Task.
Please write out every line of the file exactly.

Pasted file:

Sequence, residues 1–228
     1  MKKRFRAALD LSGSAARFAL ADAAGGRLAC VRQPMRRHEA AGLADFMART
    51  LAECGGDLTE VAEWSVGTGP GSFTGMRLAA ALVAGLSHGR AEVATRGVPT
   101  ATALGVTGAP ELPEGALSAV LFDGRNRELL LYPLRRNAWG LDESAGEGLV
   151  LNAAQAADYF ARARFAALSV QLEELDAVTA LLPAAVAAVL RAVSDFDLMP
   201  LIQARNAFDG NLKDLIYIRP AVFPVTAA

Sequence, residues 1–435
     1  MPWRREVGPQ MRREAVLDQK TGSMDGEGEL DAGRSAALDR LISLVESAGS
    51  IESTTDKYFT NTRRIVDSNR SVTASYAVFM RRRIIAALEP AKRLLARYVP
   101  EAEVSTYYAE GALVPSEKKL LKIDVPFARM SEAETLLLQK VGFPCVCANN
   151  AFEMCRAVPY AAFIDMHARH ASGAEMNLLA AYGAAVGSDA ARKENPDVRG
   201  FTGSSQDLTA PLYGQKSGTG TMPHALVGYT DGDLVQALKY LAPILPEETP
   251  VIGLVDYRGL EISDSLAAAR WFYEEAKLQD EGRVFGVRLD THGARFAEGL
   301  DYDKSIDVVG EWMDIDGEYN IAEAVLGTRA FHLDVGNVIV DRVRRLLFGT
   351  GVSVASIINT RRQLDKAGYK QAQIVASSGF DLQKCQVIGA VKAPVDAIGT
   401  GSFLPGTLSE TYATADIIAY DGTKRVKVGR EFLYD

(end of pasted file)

Sequence, residues 1–228
     1  MKKRFRAALD LSGSAARFAL ADAAGGRLAC VRQPMRRHEA AGLADFMART
    51  LAECGGDLTE VAEWSVGTGP GSFTGMRLAA ALVAGLSHGR AEVATRGVPT
   101  ATALGVTGAP ELPEGALSAV LFDGRNRELL LYPLRRNAWG LDESAGEGLV
   151  LNAAQAADYF ARARFAALSV QLEELDAVTA LLPAAVAAVL RAVSDFDLMP
   201  LIQARNAFDG NLKDLIYIRP AVFPVTAA

Sequence, residues 1–435
     1  MPWRREVGPQ MRREAVLDQK TGSMDGEGEL DAGRSAALDR LISLVESAGS
    51  IESTTDKYFT NTRRIVDSNR SVTASYAVFM RRRIIAALEP AKRLLARYVP
   101  EAEVSTYYAE GALVPSEKKL LKIDVPFARM SEAETLLLQK VGFPCVCANN
   151  AFEMCRAVPY AAFIDMHARH ASGAEMNLLA AYGAAVGSDA ARKENPDVRG
   201  FTGSSQDLTA PLYGQKSGTG TMPHALVGYT DGDLVQALKY LAPILPEETP
   251  VIGLVDYRGL EISDSLAAAR WFYEEAKLQD EGRVFGVRLD THGARFAEGL
   301  DYDKSIDVVG EWMDIDGEYN IAEAVLGTRA FHLDVGNVIV DRVRRLLFGT
   351  GVSVASIINT RRQLDKAGYK QAQIVASSGF DLQKCQVIGA VKAPVDAIGT
   401  GSFLPGTLSE TYATADIIAY DGTKRVKVGR EFLYD